Bayern Munich ended Lyon’s fairy-tale run in the Champions League on Wednesday with another professional performance.
Serge Gnabry scored twice and Robert Lewandowski added another to secure a 3-0 victory and a place in Sunday’s final.
Manager Hansi Flick has overseen a massive transformation since replacing Niko Kovac in November. Now, Bayern are 90 minutes away from clinching a second treble in club history.
Here are three takeaways from the semifinal in Lisbon:
Gnabry’s growth a lesson for all
Fans and pundits carve Arsenal whenever Gnabry scores a big goal. It’s football’s favorite auto reply. But it ignores the good work Gnabry and Bayern did to get to this point.
His two goals against Lyon should serve as a reminder that success isn’t always instantaneous. Sometimes, players take the long way around. When Gnabry was told he wasn’t good enough to play for Arsenal – or West Bromwich Albion – he left. Werder Bremen gave him a chance and Bayern scooped him up a season later.
But few clubs have Bayern’s patience. Instead of sitting Gnabry on the bench, the Bavarians sent him out on loan to Hoffenheim, where he built on the confidence he gained at Bremen. It was less about results – qualifying for the Champions League with Arsenal or staving off relegation with West Brom – and more about development.
Gnabry’s ascent is proof that talent needs time to shine. He’s become an undisputed starter and leader at Bayern and formed a fantastic partnership with Lewandowski. Gnabry and Lewandowski’s 24 goals are the most ever recorded in a single Champions League season by a pair of teammates. Many of Gnabry’s best performances have come against legitimate opposition as well. Tottenham, Chelsea, and Barcelona have all been victimized by the German international.
In hindsight, it’s easy to laugh at Arsenal, but it misses the point completely.
Lyon waste what few chances they had
Rudi Garcia prepared for the match knowing Lyon would have fewer goal-scoring chances than their potent opponents. How different it could have been if Les Gones had finished the few chances they generated.
Lyon could have easily been two-nil up inside of 17 minutes after Memphis Depay and Karl Toko-Ekambi goofed on opportunities; Gnabry made it 1-0 against the run of play with his 22nd goal of the season in all competitions seconds after Toko-Ekambi’s miss.
In the fourth minute, Maxence Caqueret sprung Depay with an incisive through ball that split Jerome Boateng and David Alaba, and the Dutchman rounded Manuel Neuer before firing an off-balanced strike into the side netting. Then, 13 minutes later, Leo Dubois found Toko-Ekambi with another probing pass that afforded the Cameroonian heaps of space behind Bayern’s backline. Toko-Ekambi looked certain to score after he cut inside to evade both Alphonso Davies and Boateng before firing off the post from close range.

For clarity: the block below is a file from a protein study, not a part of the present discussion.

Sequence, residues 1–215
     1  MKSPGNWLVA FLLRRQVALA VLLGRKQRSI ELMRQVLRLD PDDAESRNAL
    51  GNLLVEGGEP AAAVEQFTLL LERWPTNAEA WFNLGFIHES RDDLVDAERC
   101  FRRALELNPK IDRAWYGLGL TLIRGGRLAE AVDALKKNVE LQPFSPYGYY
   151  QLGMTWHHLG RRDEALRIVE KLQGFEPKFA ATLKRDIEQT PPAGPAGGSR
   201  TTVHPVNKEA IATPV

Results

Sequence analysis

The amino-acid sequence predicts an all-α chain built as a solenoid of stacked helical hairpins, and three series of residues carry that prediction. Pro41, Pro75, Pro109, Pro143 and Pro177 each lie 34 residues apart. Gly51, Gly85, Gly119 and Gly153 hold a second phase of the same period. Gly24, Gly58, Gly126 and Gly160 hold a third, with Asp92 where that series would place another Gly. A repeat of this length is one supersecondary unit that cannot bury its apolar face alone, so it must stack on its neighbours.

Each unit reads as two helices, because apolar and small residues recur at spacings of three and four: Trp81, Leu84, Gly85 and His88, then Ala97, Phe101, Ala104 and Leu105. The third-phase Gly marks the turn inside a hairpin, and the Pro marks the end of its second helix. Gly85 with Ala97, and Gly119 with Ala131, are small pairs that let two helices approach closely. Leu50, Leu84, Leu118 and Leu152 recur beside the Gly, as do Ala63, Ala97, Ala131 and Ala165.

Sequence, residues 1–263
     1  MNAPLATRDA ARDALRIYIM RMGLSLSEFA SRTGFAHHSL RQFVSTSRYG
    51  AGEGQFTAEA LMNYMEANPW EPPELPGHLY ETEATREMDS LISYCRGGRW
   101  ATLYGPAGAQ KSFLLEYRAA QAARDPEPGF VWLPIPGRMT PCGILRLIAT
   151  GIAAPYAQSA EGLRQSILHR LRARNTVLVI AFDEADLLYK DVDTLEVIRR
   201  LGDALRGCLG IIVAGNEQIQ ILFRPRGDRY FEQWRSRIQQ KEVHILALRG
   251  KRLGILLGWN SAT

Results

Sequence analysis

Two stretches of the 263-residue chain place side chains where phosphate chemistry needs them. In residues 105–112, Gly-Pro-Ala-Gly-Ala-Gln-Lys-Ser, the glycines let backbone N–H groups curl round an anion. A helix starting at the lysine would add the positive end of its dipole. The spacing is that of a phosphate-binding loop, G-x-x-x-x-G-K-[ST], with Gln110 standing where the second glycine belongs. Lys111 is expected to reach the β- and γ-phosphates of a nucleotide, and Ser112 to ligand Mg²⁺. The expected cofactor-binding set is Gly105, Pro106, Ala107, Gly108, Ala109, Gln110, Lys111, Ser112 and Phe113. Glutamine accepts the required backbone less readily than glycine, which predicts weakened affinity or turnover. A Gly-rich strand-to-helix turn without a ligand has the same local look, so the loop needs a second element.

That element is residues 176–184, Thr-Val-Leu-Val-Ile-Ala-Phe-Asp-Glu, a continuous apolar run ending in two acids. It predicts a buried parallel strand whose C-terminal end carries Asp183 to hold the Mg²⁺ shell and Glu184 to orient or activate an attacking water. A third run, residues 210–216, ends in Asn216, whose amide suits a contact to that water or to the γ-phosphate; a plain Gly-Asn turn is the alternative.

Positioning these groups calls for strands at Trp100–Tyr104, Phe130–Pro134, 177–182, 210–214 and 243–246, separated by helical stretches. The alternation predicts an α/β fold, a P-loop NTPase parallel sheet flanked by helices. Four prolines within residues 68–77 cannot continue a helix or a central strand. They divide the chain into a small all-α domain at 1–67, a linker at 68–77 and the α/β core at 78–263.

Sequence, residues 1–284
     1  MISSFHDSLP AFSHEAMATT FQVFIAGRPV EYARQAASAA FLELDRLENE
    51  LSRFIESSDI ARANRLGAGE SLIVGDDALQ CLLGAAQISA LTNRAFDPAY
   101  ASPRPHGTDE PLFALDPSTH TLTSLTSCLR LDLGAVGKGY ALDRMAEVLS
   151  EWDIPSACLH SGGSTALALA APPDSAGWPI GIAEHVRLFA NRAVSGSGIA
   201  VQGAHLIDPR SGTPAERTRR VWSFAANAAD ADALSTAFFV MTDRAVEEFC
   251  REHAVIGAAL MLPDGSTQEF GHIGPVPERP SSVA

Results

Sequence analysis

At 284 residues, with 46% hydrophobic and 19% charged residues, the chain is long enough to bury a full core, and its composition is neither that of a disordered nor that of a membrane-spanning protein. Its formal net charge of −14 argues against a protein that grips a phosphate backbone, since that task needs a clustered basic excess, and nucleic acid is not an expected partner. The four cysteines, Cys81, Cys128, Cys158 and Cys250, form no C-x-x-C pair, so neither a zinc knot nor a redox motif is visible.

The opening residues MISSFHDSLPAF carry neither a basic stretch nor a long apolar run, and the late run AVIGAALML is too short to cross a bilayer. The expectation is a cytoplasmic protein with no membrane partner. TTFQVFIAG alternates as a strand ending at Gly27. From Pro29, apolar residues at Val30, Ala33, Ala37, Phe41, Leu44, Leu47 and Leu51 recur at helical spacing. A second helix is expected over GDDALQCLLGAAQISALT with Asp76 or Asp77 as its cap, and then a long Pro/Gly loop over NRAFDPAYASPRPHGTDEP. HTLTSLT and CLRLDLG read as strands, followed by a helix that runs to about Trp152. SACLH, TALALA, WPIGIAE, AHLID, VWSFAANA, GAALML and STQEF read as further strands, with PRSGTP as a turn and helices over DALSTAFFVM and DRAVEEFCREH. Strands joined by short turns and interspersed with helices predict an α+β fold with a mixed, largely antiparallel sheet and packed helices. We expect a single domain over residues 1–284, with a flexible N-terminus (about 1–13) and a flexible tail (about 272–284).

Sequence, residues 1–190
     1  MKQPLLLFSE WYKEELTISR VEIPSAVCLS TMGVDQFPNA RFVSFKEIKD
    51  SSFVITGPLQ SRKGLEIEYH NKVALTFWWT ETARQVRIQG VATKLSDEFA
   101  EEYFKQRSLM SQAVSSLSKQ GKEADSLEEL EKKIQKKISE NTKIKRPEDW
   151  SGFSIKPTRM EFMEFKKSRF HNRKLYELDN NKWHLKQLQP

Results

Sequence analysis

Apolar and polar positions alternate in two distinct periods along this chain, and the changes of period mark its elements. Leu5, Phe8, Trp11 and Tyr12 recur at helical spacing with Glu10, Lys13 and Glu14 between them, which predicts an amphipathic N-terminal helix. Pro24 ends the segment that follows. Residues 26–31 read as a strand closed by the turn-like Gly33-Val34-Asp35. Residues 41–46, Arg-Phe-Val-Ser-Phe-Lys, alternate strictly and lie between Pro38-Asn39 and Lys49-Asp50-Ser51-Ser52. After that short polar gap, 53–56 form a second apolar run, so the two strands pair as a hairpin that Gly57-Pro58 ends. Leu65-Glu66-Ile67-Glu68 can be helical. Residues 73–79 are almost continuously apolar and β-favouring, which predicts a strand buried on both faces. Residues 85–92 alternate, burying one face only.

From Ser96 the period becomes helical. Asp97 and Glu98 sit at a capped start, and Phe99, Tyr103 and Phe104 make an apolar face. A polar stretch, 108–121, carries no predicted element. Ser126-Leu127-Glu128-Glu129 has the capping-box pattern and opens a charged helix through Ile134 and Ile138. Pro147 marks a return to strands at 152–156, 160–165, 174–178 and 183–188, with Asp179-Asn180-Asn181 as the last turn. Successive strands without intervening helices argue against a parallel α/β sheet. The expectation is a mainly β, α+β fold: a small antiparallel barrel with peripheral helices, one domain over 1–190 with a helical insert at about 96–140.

Ekambi had another great opportunity just before the hour mark, firing directly at a lunging Neuer from six yards out.
It was a stark contrast to Lyon’s quarterfinal performance, when they were clinical in front of goal. They created roughly the same number of chances in both matches, but where they converted in the win over Manchester City, they didn’t capitalize against Bayern. That was the difference.
It’s not like Bayern were infallible in front of goal, either. Leon Goretzka and Thomas Muller fluffed chances of their own early on, but Bayern’s capacity for overcoming those missed opportunities was far higher than Lyon’s.
Bayern’s smothering press undoes Lyon
Flick’s team stormed to the Champions League final with 10 wins in as many matches during this season’s competition; a tournament-high 42 goals stands out among Bayern’s astounding metrics.
For all of their statistical marvels, the difference between Bayern and their opponents in the knockout stages isn’t just on the scoresheet.
If Kovac’s tactical ethos was rigid, conservative, and uninspiring, the approach of his successor Flick has transformed Bayern into an indomitable behemoth. It’s one thing that Bayern can outscore their opposition with ease, but it’s another altogether the Bundesliga giants are happy to outwork them as well.
Against Lyon, Bayern’s pressure without the ball was unrelenting. It was a nuisance for Lyon’s backline and midfield, and it unlocked a resolute setup that both Juventus and Manchester City struggled to break down.
Lyon could do little to stifle Bayern or coordinate the same fleet-footed counterattacks they profited from in their two previous European matchups, and Houssem Aouar and Caqueret weren’t nearly as effective on Wednesday as they were in previous rounds due to the pressure.
Flick is a managerial free spirit who’s keen to let his players perform their required duties with elan. The team relishes Flick’s tutelage, and is content to generate opportunities through hard work and not just technical savvy.